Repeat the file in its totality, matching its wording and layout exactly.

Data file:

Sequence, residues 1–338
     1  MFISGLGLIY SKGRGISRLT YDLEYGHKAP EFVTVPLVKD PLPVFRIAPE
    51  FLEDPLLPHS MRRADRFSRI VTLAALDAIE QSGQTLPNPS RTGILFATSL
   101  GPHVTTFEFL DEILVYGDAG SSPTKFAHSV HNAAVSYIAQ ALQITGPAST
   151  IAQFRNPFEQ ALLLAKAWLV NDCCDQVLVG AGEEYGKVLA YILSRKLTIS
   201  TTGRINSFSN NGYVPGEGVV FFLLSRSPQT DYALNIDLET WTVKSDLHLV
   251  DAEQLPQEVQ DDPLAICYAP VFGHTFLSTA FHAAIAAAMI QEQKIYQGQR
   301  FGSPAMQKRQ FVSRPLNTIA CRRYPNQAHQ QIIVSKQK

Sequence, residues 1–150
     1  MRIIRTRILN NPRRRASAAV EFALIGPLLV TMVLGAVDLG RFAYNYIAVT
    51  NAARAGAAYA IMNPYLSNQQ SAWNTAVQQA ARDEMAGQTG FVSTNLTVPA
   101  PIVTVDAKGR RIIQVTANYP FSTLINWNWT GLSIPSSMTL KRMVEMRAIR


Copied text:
Sequence, residues 1–338
     1  MFISGLGLIY SKGRGISRLT YDLEYGHKAP EFVTVPLVKD PLPVFRIAPE
    51  FLEDPLLPHS MRRADRFSRI VTLAALDAIE QSGQTLPNPS RTGILFATSL
   101  GPHVTTFEFL DEILVYGDAG SSPTKFAHSV HNAAVSYIAQ ALQITGPAST
   151  IAQFRNPFEQ ALLLAKAWLV NDCCDQVLVG AGEEYGKVLA YILSRKLTIS
   201  TTGRINSFSN NGYVPGEGVV FFLLSRSPQT DYALNIDLET WTVKSDLHLV
   251  DAEQLPQEVQ DDPLAICYAP VFGHTFLSTA FHAAIAAAMI QEQKIYQGQR
   301  FGSPAMQKRQ FVSRPLNTIA CRRYPNQAHQ QIIVSKQK

Sequence, residues 1–150
     1  MRIIRTRILN NPRRRASAAV EFALIGPLLV TMVLGAVDLG RFAYNYIAVT
    51  NAARAGAAYA IMNPYLSNQQ SAWNTAVQQA ARDEMAGQTG FVSTNLTVPA
   101  PIVTVDAKGR RIIQVTANYP FSTLINWNWT GLSIPSSMTL KRMVEMRAIR